it squirts its water on THE FIRE, not on places where there is no fire and its cold. Got the idea???





David
roger
 
  3  
Reply Sun 2 May, 2010 06:23 pm
@engineer,
Maybe our Hispanic governor is afraid he will be stopped.
0 Replies
 
OmSigDAVID
 
  0  
Reply Sun 2 May, 2010 06:24 pm
@spendius,
spendius wrote:
Dave love-- when you picked out "brawling and robbing" it became obvious you are not a serious participant in a debate on a matter as sensitive as this one is.

You were bleating like a Girl Guide lost in a snowstorm.
Spendius, go stick your head in the toilet
and find out how sensitive that is; be sure to report back.





David
OmSigDAVID
 
  0  
Reply Sun 2 May, 2010 06:28 pm
@dyslexia,
Quote:
help New Mexicans
dyslexia wrote:
New Mexicans are american citizens.
That depends on how u define
the "New Mexicans", Dys.

That 's a little vague; it might mean citizens or it might mean just residents.





David
ossobuco
 
  2  
Reply Sun 2 May, 2010 06:31 pm
@OmSigDAVID,
So, you are inflamed at Mexico because of the cartels, or you don't know about them and simply don't want any non papered immigrants ever?

My father's family, per the story, came over on a raft. That is what my father described for my fifth grade essay. I doubted that when I grew up, but it seems some did come over on rafts. (Set will tell me if I'm right or wrong, but I was jolted when I saw that, that they were just telling.) As it happened in later years, my father and my uncle were good at sea.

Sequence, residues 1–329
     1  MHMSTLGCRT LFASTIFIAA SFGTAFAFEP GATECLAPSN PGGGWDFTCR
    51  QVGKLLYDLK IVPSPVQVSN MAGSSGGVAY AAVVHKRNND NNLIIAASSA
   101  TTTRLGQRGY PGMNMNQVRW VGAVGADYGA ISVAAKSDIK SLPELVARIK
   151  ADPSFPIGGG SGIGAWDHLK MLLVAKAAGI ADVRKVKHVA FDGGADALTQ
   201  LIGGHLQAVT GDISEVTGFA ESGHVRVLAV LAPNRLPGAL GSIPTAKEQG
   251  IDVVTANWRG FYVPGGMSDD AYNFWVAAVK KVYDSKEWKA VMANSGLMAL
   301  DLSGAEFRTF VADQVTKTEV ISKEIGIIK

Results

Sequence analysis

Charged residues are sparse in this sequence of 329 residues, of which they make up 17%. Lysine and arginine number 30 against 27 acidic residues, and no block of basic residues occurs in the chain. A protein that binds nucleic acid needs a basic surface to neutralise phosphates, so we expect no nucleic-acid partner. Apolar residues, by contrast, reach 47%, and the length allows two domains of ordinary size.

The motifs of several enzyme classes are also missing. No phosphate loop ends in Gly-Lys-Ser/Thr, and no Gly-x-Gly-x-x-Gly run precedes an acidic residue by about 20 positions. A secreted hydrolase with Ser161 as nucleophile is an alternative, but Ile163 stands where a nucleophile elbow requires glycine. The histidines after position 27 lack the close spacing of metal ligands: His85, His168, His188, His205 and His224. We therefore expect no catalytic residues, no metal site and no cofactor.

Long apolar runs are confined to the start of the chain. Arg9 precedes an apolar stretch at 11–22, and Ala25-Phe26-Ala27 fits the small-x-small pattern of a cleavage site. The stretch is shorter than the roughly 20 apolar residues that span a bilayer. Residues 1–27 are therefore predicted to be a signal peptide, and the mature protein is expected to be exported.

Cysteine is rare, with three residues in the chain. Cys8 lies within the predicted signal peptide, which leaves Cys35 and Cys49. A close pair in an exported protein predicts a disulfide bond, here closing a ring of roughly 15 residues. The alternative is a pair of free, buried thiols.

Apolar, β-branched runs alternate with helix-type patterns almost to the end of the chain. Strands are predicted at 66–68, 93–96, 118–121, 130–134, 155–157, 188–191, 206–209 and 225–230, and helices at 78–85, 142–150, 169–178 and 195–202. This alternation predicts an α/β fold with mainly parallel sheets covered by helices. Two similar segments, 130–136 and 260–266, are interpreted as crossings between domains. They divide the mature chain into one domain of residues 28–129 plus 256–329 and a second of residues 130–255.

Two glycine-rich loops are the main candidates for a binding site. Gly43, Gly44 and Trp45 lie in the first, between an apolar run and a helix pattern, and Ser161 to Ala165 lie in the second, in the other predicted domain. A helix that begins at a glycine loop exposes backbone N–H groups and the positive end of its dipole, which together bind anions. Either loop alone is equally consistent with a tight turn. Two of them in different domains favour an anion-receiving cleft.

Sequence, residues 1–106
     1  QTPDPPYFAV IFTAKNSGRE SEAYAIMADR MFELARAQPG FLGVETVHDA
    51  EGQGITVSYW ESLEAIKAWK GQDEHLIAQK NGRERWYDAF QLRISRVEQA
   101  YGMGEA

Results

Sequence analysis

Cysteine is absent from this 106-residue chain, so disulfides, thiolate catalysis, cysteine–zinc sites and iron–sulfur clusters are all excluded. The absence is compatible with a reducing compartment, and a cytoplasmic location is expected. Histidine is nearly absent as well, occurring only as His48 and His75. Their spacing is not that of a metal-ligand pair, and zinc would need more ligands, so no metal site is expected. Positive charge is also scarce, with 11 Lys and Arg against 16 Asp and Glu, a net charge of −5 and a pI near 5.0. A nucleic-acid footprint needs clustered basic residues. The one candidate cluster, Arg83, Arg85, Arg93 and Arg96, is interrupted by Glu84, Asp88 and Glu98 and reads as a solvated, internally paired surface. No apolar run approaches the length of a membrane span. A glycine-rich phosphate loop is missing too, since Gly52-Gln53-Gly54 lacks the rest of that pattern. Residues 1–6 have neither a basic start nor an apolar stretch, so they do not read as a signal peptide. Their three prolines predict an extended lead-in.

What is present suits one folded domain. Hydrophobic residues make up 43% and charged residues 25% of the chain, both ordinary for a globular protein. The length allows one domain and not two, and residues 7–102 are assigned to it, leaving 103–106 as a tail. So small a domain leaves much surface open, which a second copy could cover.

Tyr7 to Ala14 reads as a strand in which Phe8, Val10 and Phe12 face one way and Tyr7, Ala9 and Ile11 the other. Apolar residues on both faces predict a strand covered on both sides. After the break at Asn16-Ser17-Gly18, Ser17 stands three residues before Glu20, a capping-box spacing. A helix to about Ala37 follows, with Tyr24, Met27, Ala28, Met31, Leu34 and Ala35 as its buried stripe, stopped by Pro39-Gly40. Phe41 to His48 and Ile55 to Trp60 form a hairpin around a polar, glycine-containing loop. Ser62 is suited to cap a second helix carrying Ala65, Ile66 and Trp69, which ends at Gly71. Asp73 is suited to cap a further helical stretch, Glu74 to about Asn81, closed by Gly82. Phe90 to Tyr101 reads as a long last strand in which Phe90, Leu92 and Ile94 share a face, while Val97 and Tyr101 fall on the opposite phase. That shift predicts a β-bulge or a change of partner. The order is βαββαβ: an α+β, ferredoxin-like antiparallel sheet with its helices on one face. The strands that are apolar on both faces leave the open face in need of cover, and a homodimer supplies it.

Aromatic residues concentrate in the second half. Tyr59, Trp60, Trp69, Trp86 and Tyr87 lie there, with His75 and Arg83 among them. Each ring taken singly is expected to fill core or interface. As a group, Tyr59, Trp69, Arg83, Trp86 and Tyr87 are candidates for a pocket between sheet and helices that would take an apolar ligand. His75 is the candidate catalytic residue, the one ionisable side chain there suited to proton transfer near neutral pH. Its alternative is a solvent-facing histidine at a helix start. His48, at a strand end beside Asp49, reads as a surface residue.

ossobuco
 
  2  
Reply Sun 2 May, 2010 06:38 pm
@OmSigDAVID,
DON'T even start with lecturing Dys about New Mexico, stupido. (I say that nicely.. the man knows a lot, and you do not).

I'll speak for myself, new here: I still see borders as dots.
hawkeye10
 
  0  
Reply Sun 2 May, 2010 06:44 pm
@ossobuco,
Quote:
I'll speak for myself, new here: I still see borders as dots.
It might help you to become more sophisticated in your thinking on the subject if your approached it through the labor market, using supply and demand theory
ossobuco
 
  2  
Reply Sun 2 May, 2010 06:49 pm
@hawkeye10,
Would it? I've seen the labor market, from both or more sides. My father was an early union starter.

Don't yammer at me about being unsophisticated, you who prates about the collective.

And don't just assume I am always anti union. You seem to have simplistic takes.
hawkeye10
 
  -1  
Reply Sun 2 May, 2010 06:58 pm
@ossobuco,
Quote:
Would it? I've seen the labor market, from both or more sides
unless you start to act like you understand how much effect allowing illegals to work forces the pay scale down your opinion "borders are just dots" looks like ignorance. If you can justify your position taking into consideration the labor market impact great, but I don't think you can.